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In his June 9 column, Myron Medcalf rightly points out that the higher education landscape is changing and asks, "What should we tell young people about the future of higher education?" My answer: If you can, go to college. Despite challenging headwinds facing the sector, a college degree is the single most powerful pathway in our country to social mobility.

A popular argument against higher education is that a degree is too costly. But that assertion reveals a lack of understanding. Sure, the full-tuition sticker prices of colleges and universities cited by naysayers sound frightening. However, very few students — especially at private institutions — pay the full sticker price. The majority of students pay less than half, making private schools often more affordable than large public universities. This is because philanthropy — mostly from grateful alumni — allows for generous financial aid. On top of donor-funded scholarships, many students also are eligible for federal Pell grants, state grants and federally subsidized loans at very low rates, should they need additional help to cover costs.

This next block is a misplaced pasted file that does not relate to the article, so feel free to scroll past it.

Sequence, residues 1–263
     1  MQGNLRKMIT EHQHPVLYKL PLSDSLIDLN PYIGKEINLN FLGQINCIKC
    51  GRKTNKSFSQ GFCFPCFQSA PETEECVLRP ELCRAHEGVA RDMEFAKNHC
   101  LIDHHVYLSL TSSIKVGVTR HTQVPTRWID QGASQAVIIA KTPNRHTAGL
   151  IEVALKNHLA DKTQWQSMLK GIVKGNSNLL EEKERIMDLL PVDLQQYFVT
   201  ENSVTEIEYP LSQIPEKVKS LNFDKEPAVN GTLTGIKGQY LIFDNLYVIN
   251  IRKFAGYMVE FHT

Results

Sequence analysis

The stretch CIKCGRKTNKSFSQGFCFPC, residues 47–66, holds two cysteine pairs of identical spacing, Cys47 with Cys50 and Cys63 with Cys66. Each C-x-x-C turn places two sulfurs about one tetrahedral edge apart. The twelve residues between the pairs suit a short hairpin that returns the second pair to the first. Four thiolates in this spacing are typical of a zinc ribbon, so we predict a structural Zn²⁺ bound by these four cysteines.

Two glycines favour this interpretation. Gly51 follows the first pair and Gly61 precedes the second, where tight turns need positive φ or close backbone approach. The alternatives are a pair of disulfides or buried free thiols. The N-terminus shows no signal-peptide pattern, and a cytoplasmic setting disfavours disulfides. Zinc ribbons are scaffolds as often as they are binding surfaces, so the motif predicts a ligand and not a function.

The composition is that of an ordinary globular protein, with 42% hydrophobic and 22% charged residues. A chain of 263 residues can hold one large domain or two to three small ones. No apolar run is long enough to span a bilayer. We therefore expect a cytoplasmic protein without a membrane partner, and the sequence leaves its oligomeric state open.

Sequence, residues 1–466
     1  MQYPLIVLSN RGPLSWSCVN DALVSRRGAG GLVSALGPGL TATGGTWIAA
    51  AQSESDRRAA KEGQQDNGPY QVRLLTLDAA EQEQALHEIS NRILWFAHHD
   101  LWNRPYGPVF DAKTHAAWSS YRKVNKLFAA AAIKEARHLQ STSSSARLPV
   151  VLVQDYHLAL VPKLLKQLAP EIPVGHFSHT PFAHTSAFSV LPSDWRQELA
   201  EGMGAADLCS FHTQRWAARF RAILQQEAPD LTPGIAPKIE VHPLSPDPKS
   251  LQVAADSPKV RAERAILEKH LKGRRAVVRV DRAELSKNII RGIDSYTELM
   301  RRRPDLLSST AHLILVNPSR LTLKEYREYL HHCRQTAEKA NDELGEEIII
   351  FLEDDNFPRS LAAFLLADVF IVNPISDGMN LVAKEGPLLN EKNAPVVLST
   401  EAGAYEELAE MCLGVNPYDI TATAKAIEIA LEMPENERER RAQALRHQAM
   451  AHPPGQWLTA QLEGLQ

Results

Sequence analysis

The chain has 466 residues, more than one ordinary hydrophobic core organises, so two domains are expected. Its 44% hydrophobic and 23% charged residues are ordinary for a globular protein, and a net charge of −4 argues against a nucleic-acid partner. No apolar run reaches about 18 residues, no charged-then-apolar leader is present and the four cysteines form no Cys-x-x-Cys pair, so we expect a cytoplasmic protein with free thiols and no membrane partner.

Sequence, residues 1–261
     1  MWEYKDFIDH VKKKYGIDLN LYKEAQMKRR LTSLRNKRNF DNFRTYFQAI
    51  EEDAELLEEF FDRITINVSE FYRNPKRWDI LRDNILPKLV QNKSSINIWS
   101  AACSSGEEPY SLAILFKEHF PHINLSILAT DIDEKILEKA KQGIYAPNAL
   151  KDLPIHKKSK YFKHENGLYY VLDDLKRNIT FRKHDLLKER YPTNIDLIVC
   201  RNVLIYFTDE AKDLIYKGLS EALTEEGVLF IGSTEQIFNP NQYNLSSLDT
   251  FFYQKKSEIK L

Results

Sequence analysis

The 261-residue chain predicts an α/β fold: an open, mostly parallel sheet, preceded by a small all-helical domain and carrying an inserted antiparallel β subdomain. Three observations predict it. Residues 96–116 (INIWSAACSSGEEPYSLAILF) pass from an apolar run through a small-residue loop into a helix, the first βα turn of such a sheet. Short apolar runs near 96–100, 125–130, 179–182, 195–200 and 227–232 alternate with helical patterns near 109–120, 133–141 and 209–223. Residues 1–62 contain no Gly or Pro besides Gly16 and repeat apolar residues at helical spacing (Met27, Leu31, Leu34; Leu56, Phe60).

This brings us to a related argument detractors like to deploy: that borrowing for higher education saddles undergraduates with hundreds of thousands of dollars of debt. Again, that is not reality. The average student borrowing for a bachelor's degree from an accredited institution graduates with less than $30,000 of debt, payable over 10 years at interest rates lower than a car note or a home mortgage. Those who borrow from unscrupulous lenders or attend unaccredited programs of questionable value may get in over their heads, but the vast majority of borrowers derive great value from student loans.

Obtaining a degree is more affordable than many people think. And the return on investment of time and money is indisputable. Every study that has compared outcomes has shown conclusively that college degree holders earn more over their lifetimes than those who hold only a high school diploma. In addition, the data demonstrate that people with college degrees live longer, are more able to weather job loss and are more likely to own a home. Research after the last Great Recession also showed that a college degree helps to protect against economic downturns.

In addition to all the individual benefits that accrue to college graduates are important collective ones for society. Our country needs educated people for a healthy democracy and a thriving economy. Higher education is an indispensable social good, not just a way for individuals to get ahead.

Instead of debating whether college is worth it, we should be addressing the more important question: How do we make college — and all the benefits graduates enjoy — more accessible to more people?

Just as Medcalf will continue to encourage his daughter to seek a degree after high school, students from every walk of life deserve to be encouraged to invest in their futures through higher education. The chances of a brighter future are indisputably greater if young people enroll in college than if they don't.

Suzanne M. Rivera, who attended college with the help of financial aid, is president of Macalester College in St. Paul.